Oregon GOP Removes Anti-Gay Language From Party Platform
September 13th, 2011
The Oregonian reports that the state’s Republicans, who have seen their fortunes in the state slide in recent years, have removed several anti-gay planks from the party’s platform:
Wording that essentially condemned same-sex marriage and civil unions, and that stated such couples were unfit to be parents, was removed from the official party platform during a weekend convention in Bend. “We want the public to take another look at the Republican Party and our policies,” said Greg Leo, spokesman for the state party. “It’s fair to say we’re more centrist.”
The once-dominant party has faded in Oregon. Democrats hold every statewide office and no Republican has been elected governor since 1987. The one bright spot is the Oregon House, where Republicans managed a 30-30 split with Democrats last election.
Part of the problem the Oregon GOP faced in the late 1980s is that the party became too closely associated with extremists Christian groups, most notably the Oregon Citizens Alliance, which was headed by Lon Mabon and is where Scott Lively first came into prominence. Oregon’s notorious Measure 9, which would have amended the state constitution to bar the state from using “monies or properties to promote, encourage or facilitate homosexuality, pedophilia, sadism or masochism,” proved a significant turning point. It was then that Lively first put forward the historical fiction that the Nazi party was a homosexual organization and that violent fascism is the inevitable result of gay rights. Measure 9 went down in defeat in 1992 due largely to the outrageous rhetoric from the OCA and Lively. The OCA was soon disbanded amid controversy and financial irregularities and Lively fled to California to pick up his anti-gay work again in Sacramento and Temecula. Meanwhile, the GOP, which had been among the earliest state parties to align themselves to the Christian Right, have struggled to recover from that close association.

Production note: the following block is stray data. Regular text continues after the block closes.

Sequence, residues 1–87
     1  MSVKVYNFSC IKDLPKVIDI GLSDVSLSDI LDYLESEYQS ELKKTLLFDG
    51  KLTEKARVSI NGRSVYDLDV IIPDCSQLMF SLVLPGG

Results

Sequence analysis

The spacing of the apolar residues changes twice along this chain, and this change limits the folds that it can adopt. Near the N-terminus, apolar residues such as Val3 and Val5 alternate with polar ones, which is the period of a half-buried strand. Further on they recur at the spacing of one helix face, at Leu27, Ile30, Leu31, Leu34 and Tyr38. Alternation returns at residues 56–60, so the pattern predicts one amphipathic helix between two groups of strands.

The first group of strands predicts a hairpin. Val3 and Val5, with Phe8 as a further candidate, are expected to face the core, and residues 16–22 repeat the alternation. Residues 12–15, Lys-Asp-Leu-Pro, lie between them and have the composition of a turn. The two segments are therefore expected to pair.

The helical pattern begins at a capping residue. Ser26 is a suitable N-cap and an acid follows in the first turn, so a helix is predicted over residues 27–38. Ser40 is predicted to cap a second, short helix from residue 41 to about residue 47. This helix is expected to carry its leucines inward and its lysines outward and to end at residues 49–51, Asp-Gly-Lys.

Today, the state GOP is turning over a new leaf, largely on the strength of younger members. The latest changes were pushed through by 26-year-old Xander Almedia, described as a former College Republican president at Portland State University and now a Portland vaudevillian who works with a local band:
(Alemdia) said, “a lot of younger Republicans don’t feel as though this kind of rhetoric has any place in a small government agenda. If we want to do small government, shouldn’t we get government out of the bedroom as well?”
Language supporting marriage as between one man and one woman remains intact in the party’s platform, but that merely comports with Oregon’s constitution, he said. The national Republican Party platform contains a section that strongly supports traditional marriage and calls for a constitutional amendment that would prevent states from adopting other legal arrangements.
The Oregon GOP change “makes a strong statement,” said James Moore, political analyst at Pacific University. “The statement that it makes is they have seen the social conservative platform hasn’t really gained them many new voters.”